Automatic selections are not an enticing feature to me. If I want to delete to the next word, I’ll type dw. I’ve never actually made the mistake of using a motion before realizing that I actually wanted to perform an operation with that motion. Combining navigation and selection is non-intuitive to me. Not only are automatic selections potentially distracting if you aren’t used to them, but kakoune’s model of additionally distinguishing between extending and replacing the selected region (as the result of combining normal and visual mode) requires binding twice as many keys for every motion. This eats up keys that could potentially be put to better use.

Instantaneous Feedback is Usually Unnecessary

Kakoune claims that the lack of visual feedback is a big problem with vim’s modal model. It really isn’t. The example kakoune gives on the previously linked page is that if users used dtf in vim they might accidentally delete to the wrong f, have to undo, go back to the original position, and then try again with d2tf.

This is an extremely misleading example for several reasons. For one, dtf. is sufficient. There is no need to undo, and there is no need to move the cursor/point back to the initial position. You’d only have to undo if you gave a count too large, and even then, you wouldn’t have to move the cursor after undoing. Not only is the example wrong about how to handle this case in vim, it’s also wrong about how to handle this case in kakoune. Like tf in vim, tf in kakoune will only move the point if not already before f character. This could be changed, but currently Tf will do nothing after a tf in kakoune, so kakoune actually requires tfLTfd to handle this mistake, which is actually much worse than dft. in vim. Kakoune does support repeating a motion with <a-.>, but as far as I know, there is currently no equivalent that extends the selection. Even if there was, and even if t did always move past the current character, tf<a-s-.>d still requires modifiers unlike dtf.. Repeating an operation might be jarring to some (it’s not to me personally) since the buffer is altered after each operation, but it’s just one possible solution in vim.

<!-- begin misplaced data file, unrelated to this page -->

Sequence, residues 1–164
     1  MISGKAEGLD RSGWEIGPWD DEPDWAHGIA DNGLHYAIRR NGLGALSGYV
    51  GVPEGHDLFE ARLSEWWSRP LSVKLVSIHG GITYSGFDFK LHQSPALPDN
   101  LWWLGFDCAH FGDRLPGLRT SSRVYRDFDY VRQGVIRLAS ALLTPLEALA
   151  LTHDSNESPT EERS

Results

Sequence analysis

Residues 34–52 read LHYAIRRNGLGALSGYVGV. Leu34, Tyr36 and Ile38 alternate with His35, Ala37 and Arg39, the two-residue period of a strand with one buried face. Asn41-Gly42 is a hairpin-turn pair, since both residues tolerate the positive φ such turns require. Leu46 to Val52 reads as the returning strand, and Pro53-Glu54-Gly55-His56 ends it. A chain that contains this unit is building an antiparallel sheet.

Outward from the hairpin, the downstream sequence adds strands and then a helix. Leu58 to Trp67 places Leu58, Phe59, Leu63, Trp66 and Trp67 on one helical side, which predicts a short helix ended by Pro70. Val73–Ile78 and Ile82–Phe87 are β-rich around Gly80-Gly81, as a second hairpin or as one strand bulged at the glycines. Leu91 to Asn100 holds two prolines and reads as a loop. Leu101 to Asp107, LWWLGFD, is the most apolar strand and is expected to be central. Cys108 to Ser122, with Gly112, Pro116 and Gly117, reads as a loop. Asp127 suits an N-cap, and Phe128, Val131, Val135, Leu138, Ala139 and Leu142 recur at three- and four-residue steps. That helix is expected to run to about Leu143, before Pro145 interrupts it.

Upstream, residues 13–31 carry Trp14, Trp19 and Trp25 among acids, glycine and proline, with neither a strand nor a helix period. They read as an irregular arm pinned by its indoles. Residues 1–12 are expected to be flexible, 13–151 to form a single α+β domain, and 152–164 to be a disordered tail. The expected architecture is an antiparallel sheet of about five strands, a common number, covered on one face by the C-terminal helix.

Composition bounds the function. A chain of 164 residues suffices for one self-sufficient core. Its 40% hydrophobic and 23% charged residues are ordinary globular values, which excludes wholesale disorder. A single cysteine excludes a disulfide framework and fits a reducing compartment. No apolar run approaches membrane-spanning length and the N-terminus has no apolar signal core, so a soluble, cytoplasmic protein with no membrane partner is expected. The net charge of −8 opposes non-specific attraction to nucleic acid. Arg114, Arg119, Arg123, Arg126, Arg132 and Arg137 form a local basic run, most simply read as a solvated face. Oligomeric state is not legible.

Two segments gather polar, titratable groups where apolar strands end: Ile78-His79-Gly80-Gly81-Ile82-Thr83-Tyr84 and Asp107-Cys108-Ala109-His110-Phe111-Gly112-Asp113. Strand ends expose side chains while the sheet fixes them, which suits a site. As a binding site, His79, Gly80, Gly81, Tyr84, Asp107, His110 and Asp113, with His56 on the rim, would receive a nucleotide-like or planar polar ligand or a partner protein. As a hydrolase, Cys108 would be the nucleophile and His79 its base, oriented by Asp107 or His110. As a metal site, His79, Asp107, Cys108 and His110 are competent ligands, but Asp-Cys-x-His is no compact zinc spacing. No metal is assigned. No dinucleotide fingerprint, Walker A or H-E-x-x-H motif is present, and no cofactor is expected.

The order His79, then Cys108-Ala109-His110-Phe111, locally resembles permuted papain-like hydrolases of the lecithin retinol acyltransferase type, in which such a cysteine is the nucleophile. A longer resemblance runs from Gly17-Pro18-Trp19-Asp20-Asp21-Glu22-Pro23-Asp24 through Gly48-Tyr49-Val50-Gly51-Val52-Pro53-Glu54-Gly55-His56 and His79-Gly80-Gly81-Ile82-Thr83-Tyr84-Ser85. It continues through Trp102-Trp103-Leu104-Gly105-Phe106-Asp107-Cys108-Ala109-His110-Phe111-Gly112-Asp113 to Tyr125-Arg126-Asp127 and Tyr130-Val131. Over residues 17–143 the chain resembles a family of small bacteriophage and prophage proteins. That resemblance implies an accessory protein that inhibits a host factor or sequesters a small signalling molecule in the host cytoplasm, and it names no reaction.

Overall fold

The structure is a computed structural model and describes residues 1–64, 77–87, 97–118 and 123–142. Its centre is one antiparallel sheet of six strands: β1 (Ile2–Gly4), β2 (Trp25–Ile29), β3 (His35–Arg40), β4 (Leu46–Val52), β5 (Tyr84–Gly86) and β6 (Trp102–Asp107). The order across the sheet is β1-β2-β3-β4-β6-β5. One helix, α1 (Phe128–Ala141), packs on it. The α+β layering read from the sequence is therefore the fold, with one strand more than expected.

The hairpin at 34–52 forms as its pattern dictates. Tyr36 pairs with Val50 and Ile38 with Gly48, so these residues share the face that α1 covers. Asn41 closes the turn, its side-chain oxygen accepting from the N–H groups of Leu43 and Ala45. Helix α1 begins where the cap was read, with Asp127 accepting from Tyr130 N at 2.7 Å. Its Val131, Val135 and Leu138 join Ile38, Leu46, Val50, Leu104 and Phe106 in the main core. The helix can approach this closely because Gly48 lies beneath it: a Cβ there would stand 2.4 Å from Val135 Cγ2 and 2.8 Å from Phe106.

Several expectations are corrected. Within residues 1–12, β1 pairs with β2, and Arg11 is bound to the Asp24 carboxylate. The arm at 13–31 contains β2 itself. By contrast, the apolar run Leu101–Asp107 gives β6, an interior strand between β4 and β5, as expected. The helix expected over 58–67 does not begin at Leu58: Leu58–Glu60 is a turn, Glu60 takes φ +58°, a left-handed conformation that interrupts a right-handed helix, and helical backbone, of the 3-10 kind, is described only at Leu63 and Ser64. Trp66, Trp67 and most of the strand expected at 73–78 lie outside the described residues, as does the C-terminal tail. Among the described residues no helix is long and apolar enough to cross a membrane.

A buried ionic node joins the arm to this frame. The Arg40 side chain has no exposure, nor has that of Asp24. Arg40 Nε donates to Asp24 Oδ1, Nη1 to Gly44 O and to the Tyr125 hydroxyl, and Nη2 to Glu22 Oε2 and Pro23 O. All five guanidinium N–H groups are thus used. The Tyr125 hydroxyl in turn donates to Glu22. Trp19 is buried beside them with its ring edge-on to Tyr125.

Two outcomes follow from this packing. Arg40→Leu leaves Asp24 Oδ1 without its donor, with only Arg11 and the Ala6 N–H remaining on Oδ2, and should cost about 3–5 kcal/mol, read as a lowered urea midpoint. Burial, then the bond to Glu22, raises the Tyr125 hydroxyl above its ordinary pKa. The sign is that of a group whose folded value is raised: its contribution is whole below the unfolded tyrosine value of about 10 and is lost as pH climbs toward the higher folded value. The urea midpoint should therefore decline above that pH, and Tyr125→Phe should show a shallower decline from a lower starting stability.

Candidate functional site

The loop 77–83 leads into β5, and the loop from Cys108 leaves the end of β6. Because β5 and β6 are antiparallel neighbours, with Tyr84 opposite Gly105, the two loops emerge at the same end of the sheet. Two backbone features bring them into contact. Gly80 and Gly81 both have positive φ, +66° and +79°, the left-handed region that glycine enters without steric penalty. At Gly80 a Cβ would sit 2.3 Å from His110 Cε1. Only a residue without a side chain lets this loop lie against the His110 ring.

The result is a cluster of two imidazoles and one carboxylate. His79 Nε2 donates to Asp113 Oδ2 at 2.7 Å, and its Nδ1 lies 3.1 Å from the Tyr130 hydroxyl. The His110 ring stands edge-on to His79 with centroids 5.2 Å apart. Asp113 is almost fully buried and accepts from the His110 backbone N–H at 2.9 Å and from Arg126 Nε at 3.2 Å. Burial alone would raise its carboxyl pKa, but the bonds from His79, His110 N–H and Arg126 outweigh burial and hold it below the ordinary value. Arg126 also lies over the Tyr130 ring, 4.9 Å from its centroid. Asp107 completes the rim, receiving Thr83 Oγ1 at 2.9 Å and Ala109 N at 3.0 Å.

Furthermore, the effect of many motions and text objects is obvious; visual confirmation is often completely unnecessary. Deleting the current word, sentence, or parentheses block does not involve uncertainty. t and f are basically the “dumbest” motions in that they don’t move by clear units like paragraphs or words but instead jump to arbitrary characters. The majority of my operator usage has no possibility for mistakes apart from mistyping. It doesn’t make sense to me to optimize a modal model around rarer cases like the dtf example, even if I thought a visual selection was the ideal way to handle these cases.